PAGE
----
In this paragraph, I will argue that the Constitution was drafted, approved, and applied by the people who owned slaves. Firstly, Finkelman explains that out of the fifty-five delegates to the Constitutional Convention, almost half of them owned slaves in varying numbers, while Thomas Jefferson was openly racist and often cast aspersions on the intelligence of Blacks. It seemed that such people naturally wanted to keep the status quo as Bibby explains. Secondly, Furstenberg pointed out that George Washington, the first holder of the largest office (the Presidency) that the Constitution had established, owned more than 100 slaves. Thirdly, as Bernie Sanders noted while addressing students at Liberty University, the institutions that the Constitution had created such as Congress and the Supreme Court abetted, and, in some cases, openly supported slavery. Therefore, overall, it seems that the Constitution supported slavery and it could not have been claimed to be a document that aimed at liberating people. 

In this paragraph, I will argue that the US Constitution was an expression of the Racial Contract. Firstly, as explained by Mills, the Racial Contract was a tacit agreement between White people to abuse non-whites for the social and economic benefit of the whites. In the modern times, the best example of the Racial Contract is the US Constitution. Secondly, Mills explained that the drafters of the US Constitution established it as a way of preserving White Supremacist society in America. This was apparent in the exclusion of African-Americans and Native Americans from the citizenship in the early days of the United States. This is also a point that the Waldstreicher of The Atlantic makes. Thirdly, according to the Heritage Foundation, by Article 1 Section 2 proclaiming that non-white people were three-fifths of the White males, and thus, denigrating them to a sub-human status further confirmed racial contract theory. Therefore, overall, it seemed that the US Constitution was nothing more than a document that affirmed the Racial Contract, and thus, it could not have been aimed at liberating other people.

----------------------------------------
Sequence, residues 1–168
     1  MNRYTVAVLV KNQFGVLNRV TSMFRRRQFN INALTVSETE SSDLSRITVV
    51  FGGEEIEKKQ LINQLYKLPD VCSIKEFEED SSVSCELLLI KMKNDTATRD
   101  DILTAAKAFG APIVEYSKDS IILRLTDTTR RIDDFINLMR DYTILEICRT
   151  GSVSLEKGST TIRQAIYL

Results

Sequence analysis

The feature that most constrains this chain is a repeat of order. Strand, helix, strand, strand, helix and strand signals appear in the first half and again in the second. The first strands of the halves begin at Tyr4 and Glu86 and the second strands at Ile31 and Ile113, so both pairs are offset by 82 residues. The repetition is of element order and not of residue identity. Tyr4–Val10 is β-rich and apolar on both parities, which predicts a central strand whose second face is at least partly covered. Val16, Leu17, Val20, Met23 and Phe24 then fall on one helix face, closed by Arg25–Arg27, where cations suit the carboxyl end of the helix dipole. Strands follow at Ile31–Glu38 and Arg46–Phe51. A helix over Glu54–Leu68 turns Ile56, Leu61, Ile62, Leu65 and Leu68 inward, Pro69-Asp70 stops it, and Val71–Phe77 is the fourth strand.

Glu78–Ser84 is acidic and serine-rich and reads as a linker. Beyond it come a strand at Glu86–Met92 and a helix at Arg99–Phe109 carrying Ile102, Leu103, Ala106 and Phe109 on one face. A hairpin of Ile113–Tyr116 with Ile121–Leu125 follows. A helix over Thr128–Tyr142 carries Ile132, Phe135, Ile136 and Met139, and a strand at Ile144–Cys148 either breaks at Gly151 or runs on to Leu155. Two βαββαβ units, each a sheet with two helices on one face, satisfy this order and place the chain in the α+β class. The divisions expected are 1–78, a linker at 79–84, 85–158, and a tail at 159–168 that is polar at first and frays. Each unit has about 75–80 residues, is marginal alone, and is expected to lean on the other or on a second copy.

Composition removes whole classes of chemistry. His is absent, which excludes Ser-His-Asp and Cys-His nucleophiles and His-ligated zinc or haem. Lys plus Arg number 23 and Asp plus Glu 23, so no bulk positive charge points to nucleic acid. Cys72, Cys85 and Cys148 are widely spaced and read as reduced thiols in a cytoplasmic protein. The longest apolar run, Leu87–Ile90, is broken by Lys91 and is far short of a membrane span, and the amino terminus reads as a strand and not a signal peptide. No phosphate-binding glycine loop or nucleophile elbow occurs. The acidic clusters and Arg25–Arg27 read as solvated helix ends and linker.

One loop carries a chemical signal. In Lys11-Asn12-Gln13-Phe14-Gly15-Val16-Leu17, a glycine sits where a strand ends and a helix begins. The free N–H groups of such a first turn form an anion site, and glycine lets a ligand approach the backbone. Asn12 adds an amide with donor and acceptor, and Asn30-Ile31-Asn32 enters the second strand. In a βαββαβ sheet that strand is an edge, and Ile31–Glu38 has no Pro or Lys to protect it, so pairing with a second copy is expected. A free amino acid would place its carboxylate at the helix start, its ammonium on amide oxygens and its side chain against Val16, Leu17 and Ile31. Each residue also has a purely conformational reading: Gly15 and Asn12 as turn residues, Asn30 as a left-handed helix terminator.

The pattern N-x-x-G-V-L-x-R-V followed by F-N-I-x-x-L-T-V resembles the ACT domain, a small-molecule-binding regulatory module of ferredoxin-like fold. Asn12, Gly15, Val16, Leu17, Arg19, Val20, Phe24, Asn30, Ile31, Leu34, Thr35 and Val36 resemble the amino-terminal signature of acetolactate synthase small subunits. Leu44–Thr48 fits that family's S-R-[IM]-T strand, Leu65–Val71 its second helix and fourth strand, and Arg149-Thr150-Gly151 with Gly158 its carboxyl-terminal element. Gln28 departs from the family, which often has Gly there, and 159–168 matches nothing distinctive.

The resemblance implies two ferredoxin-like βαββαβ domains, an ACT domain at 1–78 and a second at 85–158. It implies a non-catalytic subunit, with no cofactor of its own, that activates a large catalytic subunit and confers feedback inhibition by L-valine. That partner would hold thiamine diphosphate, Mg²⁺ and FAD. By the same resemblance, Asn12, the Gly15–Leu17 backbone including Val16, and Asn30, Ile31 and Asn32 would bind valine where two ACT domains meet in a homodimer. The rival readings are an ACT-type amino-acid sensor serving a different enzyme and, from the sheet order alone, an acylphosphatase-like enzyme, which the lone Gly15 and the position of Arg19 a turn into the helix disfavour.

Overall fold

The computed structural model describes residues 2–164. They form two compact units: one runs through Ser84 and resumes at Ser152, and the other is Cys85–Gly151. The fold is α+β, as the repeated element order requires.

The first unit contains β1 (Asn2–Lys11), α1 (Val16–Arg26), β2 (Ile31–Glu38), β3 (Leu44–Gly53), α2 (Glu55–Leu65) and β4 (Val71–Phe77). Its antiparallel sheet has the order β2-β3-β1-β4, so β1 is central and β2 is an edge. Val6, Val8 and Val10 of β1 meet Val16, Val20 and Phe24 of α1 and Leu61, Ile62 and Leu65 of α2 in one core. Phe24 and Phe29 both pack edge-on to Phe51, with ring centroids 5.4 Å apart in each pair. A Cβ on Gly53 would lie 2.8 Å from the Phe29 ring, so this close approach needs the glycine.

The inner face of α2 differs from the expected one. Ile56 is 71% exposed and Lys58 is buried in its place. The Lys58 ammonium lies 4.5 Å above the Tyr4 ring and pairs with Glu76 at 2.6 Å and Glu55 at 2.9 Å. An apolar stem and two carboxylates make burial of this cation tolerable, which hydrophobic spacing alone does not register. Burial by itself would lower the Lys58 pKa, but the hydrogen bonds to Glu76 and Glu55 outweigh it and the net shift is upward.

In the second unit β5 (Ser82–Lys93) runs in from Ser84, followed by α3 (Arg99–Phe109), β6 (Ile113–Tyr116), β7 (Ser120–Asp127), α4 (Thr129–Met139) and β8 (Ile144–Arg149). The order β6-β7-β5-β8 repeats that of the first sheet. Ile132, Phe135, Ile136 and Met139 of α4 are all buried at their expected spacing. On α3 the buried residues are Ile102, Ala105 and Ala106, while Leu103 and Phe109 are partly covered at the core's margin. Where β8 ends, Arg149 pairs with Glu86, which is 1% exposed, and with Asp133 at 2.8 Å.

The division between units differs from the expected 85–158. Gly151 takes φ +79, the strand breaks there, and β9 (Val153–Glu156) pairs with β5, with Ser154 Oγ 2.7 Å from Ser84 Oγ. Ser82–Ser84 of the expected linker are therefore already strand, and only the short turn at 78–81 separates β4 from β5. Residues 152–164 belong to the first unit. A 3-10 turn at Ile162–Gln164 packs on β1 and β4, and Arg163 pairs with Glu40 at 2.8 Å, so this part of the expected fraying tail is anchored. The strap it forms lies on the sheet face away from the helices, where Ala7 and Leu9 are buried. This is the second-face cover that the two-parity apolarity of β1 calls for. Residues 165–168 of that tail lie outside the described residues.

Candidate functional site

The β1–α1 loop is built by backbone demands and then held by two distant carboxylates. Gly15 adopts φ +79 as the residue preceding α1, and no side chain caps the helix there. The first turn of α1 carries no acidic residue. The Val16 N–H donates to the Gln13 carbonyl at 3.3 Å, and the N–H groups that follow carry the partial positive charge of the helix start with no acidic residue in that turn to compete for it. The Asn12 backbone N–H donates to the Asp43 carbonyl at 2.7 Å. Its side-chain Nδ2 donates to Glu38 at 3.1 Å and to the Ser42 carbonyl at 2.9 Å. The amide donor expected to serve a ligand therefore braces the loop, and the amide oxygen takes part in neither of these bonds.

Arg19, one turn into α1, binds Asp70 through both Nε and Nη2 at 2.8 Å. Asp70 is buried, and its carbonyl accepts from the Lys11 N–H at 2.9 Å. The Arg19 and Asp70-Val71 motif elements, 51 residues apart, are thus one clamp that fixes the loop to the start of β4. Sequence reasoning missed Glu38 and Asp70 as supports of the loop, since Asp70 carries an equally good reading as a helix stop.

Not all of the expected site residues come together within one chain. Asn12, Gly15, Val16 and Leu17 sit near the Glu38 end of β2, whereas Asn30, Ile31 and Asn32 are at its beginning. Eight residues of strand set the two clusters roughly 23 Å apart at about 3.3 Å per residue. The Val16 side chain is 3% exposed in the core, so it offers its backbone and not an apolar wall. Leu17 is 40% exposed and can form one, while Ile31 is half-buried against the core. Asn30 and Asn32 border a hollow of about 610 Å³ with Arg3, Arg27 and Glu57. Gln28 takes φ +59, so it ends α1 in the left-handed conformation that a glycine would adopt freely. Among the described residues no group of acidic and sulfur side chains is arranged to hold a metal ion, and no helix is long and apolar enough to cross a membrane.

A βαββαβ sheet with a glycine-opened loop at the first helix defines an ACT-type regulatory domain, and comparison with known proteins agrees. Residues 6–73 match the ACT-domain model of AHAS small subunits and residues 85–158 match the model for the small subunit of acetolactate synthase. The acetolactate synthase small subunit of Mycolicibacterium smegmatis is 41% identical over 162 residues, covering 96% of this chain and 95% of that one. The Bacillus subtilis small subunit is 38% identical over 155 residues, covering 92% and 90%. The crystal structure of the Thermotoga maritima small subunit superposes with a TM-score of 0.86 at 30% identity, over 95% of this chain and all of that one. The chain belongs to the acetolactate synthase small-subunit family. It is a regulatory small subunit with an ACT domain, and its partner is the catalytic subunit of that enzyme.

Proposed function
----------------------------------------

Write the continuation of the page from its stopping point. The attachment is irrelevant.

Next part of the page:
In this paper, I have argued that the US Constitution was not written to secure liberty for all Americans, and therefore, I disagreed with the statement in the title. Firstly, I argued that the Constitution systemically excluded African-Americans, Indian-Americans, and women from the political process. Secondly, I have argued that the Constitution was arguably a slavery-saving and slavery-supporting document. Thirdly, I have argued that the Constitution was written, applied, and enforced by the people who supported slavery, and thus, who could not logically have advocated liberty for slaves. Fourthly, I argued that the US Constitution was a modern-day manifestation of the Racial Contract. Therefore, I conclude that the Constitution was not written to secure liberty for all Americans whether or not it ended up doing so because that was not its original intention.